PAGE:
An Aboriginal Protectorate, established by the government in 1839, was admitted to have failed by 1849, and thereafter government policy was to confine aboriginal people to mission stations.  Woiwurrung people were moved to the Acheron, and later "Corrandirk" at Healesville.  Despite this, groups of aboriginal people were still seen intermittently moving through the district until the late 1860s, gathering to meet kinsmen and perform ceremonial rites.  Several sites were mentioned as having been aboriginal camping grounds, including west of 'Ailsa' in Mount Alexander Road, Ascot Vale; near the Essendon Railway station (the latter two sites being mentioned as places where blankets were handed out); the Essendon Reserve (known these days as 'Windy Hill'); Buckley Park; and an area between Lincoln Road and Buckley Street.

George Bishop, born in Nicholson Street, Essendon in 1852, claimed to have witnessed between eight and fourteen corroborees in the district, the last one in 1868.

William Thomas Quinton, born in Flemington in 1855, and whose family home was in Princes Street, Flemington, recalled a family story:

          "Go to your own country!"         

"An incident which caused a mild rebuke happened to my good Mother.  In the early days the blacks, as I have hereto mentioned, were always roving from place to place, and as Flemington was their destination you can depend upon it their visits were pretty often. ...  I am told that Flemington was a quiet camping ground in the early days.  Untill recently a cooking camp was plainly seen on the rise near the Court house.  It was the custom when a tribe moved, their cooking ground was always covered, so that when the next tribe came along they simply turned over the embers, and as the low lying ground & creek gave abundance of wild fowl & fish, twas a favorite spot.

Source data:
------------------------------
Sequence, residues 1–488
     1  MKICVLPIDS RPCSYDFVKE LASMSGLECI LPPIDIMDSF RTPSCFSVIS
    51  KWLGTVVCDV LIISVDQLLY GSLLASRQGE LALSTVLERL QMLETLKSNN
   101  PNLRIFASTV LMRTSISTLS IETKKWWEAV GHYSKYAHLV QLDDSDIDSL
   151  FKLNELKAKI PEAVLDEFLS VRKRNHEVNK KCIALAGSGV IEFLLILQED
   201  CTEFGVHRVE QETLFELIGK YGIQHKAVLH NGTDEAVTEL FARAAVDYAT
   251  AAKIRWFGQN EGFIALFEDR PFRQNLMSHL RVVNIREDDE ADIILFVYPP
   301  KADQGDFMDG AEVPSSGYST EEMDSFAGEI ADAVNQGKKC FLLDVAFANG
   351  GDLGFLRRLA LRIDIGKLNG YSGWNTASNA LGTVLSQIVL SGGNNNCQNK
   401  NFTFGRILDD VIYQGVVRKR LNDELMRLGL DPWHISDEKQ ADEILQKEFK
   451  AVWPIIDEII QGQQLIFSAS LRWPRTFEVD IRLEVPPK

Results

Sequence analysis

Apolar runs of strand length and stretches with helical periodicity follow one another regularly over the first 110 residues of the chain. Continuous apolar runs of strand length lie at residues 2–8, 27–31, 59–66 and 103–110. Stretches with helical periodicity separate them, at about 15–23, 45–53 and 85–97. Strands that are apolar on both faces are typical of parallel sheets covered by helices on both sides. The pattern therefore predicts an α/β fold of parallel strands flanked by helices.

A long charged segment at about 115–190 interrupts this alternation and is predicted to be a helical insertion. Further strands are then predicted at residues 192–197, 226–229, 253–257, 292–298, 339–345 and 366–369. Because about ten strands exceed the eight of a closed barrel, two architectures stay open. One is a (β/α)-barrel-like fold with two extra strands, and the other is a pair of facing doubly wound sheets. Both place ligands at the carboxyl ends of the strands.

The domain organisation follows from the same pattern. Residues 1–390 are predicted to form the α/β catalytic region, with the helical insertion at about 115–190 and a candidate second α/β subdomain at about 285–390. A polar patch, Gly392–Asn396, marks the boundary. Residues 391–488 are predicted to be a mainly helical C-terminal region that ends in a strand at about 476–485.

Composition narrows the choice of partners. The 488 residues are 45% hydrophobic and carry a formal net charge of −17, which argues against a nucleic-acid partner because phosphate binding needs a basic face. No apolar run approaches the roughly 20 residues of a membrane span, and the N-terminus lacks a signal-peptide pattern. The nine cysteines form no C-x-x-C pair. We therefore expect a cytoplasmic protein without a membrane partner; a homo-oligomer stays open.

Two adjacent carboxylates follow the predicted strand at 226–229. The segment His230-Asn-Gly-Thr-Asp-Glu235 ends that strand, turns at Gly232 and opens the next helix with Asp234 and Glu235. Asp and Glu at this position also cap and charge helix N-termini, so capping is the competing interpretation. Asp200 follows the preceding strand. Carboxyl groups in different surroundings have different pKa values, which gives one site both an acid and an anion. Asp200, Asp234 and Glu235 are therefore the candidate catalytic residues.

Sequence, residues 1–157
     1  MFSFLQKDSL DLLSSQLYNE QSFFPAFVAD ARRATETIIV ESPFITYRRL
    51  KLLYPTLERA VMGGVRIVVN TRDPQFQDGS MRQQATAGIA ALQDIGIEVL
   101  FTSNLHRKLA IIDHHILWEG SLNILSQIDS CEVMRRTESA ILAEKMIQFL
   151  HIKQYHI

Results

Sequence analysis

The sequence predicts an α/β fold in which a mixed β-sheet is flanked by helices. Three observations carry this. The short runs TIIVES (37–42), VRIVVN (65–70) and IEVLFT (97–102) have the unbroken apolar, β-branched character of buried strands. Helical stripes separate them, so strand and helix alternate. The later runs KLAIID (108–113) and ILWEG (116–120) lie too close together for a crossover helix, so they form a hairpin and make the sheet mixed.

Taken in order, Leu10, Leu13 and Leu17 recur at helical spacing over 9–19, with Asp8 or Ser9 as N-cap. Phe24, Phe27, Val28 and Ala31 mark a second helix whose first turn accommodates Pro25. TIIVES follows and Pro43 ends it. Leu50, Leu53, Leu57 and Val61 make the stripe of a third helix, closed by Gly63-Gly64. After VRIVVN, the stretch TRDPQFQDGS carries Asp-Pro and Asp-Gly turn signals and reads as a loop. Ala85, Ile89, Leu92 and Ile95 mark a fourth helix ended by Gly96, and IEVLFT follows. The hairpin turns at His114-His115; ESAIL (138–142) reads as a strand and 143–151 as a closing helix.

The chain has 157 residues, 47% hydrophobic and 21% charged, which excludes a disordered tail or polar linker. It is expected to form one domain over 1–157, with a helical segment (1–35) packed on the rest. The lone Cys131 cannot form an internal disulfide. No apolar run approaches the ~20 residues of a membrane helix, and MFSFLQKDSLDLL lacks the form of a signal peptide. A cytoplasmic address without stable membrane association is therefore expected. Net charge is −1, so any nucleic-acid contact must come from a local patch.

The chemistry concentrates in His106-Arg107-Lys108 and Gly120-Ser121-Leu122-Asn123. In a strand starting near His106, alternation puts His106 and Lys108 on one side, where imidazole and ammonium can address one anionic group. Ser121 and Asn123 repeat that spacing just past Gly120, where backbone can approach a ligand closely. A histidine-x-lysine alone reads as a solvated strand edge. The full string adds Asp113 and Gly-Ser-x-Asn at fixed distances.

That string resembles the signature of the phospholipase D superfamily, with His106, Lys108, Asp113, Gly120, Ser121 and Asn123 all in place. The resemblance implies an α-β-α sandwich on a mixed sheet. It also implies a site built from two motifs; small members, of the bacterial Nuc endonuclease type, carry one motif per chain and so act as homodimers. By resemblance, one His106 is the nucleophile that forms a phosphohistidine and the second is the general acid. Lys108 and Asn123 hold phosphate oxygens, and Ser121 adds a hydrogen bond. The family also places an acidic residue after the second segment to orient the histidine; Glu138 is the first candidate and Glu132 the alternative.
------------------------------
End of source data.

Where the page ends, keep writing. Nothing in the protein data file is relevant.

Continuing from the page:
....... While my mother was at her duties she did not notice the sudden appearance of a big, burly blackfellow who was begging for food as was always the case with them when away from their natural hunting ground.

 

....Well, this fellow asked for Bojamma meaning beef, for let me tell you they became very dainty, mutton was too common.  The words he uttered were, “plenty Bojamma, give it me Sugar”, for they were very fond of sweets, and white money meaning silver.  .... Mother being annoyed, for she had already been visited by some that morning, she exclaimed quickly, “Go to your own country”.  She said he folded his arms into his blanket, he showed his teeth, his piercing eyes shot forth like fire, he exclaimed, “Youm go away, your own country. You steel um plenty land from blackfellow, kill him, birds, him get no food. Give it me missis, blackfellow & lubra go along plenty away in country”.

 

 

William Thomas Quinton, 1911.                                                                                               

 

                                                                                                                    ©  Lenore Frost

 

See also The Wurundjeri willam: the original inhabitants of Moonee Valley.